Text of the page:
said, he had been appealed to by several Members, and he wished now to answer that appeal. It had been asked whether the exemption from the payment of this tax which had been granted in 1866 to houses built by Corporations for housing the working classes applied now to houses built for the same purpose by private persons; and whether that exemption, so extended under the Order issued during the Recess, applied not only to future houses, but to houses that might have been built in the past? His hon. Friend (Mr. Dick Peddie) had specially referred to some houses constructed at a former date. He thought he could give a satisfactory answer to his question. The Order was retrospective as well as prospective. If the tenements were really separate, and under the value of £20, the exemption would apply. If they were not separate tenements, then, of course, it would be impossible for the Order to apply. The reason why, in 1866, the exemption was only granted to houses built by a Corporation or institution for the erection of improved dwellings for the working classes was because at that time no houses of this character had been built by other than Corporations. Since that time, however, a custom had arisen in certain cases of private persons building houses of this character, those persons not being Corporations or public Companies. The question of the duty on mansions had been introduced into the debate, and it had been supposed that they were differently treated in the Metropolis and in the country; but that was not so. All houses were assessed according to their letting value by the year, whether in London or elsewhere. That was the law as to the Inhabited House Duty and as to local rates, and he doubted whether anybody would find it a very easy task to alter it. Something had been said as to the hardship of persons paying duty who lived in a part of a counting-house on the scale of a partner 233 or manager. But it certainly did not seem reasonable to exonerate them on that account from the payment of Inhabited House Duty. He would, however, look into the matter. As to the proposal generally, he should ask his hon. Friend to allow the Resolution to be negatived. Whatever he might feel with reference to some details of the tax, it would be absurd on that account to throw away £1,800,000 a-year. Some day, probably, whether in connection with Imperial taxation or in some other way, the duty might be amended in some details. But beyond that he could not go. Objection might be taken to almost every tax, and he could not agree to that Resolution.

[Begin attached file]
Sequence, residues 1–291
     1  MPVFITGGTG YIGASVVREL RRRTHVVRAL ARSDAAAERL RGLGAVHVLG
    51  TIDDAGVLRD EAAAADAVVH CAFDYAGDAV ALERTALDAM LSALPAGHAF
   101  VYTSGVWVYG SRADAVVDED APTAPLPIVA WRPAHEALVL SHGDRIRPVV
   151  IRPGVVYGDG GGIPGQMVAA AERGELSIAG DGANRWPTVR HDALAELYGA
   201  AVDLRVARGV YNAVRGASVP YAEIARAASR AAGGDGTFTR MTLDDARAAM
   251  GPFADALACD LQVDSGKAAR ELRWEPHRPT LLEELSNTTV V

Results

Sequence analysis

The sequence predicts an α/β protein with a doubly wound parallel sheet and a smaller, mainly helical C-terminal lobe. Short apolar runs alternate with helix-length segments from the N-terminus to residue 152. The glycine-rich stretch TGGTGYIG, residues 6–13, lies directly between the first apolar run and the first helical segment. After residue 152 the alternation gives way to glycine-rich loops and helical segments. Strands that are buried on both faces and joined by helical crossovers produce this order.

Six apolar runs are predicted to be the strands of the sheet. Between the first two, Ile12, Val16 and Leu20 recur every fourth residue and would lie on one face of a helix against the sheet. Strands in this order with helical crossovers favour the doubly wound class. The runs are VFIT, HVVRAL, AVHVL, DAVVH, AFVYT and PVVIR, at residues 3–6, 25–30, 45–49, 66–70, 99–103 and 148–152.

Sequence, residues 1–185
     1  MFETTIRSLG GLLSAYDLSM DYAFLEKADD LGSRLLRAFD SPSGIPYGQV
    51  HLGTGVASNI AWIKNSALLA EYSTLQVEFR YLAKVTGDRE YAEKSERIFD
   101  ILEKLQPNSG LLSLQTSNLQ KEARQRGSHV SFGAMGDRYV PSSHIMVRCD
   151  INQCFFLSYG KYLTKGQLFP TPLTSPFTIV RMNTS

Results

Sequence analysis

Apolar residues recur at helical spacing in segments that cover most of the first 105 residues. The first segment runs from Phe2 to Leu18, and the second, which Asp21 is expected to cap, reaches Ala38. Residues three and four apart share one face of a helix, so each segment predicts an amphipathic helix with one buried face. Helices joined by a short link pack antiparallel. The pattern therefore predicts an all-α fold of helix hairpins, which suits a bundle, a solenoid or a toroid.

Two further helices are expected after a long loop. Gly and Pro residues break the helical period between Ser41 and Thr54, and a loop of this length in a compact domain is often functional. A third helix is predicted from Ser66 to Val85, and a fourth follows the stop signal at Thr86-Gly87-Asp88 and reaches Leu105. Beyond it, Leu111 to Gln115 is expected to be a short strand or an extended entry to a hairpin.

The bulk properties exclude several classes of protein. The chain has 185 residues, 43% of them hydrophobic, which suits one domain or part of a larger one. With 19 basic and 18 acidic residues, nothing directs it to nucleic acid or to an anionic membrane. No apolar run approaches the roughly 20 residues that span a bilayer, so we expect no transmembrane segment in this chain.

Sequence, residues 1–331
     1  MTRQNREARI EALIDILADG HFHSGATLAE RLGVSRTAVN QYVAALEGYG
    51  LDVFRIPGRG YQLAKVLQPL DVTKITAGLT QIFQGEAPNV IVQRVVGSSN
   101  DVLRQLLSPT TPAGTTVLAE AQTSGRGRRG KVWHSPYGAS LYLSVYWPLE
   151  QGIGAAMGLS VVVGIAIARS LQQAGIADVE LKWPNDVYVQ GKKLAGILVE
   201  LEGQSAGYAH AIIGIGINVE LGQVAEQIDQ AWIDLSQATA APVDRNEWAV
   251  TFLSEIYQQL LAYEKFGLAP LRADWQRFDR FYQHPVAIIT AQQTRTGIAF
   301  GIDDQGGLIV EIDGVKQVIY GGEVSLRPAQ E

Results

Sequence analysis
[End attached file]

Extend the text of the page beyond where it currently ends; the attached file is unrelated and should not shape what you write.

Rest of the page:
§ MR. SCLATER-BOOTH
said, that if the Chancellor of the Exchequer revised the tax in regard to counting-houses, warehouses, and banks, and other buildings of great value, he would find it necessary to put on imposts which had been taken off; for at present the assessment of such buildings was not in a satisfactory condition. Houses in the Metropolis were fairly assessed one with the other; but in the country great discrepancies occurred with regard to the Inhabited House Duty, and the City establishments seemed to him to get rid of a fair share of their legitimate burden.
MR. ALDERMAN W. LAWRENCE
asked leave to withdraw the Amendment, and thanked the Government for what had been conceded with respect to the House Tax, although the top and bottom of the scale were left in the same state as before—namely, the very poor, living in old houses, were not affected by the concession.
§ Question put, and agreed to.
§ Main Question proposed, "That Mr. Speaker do now leave the Chair."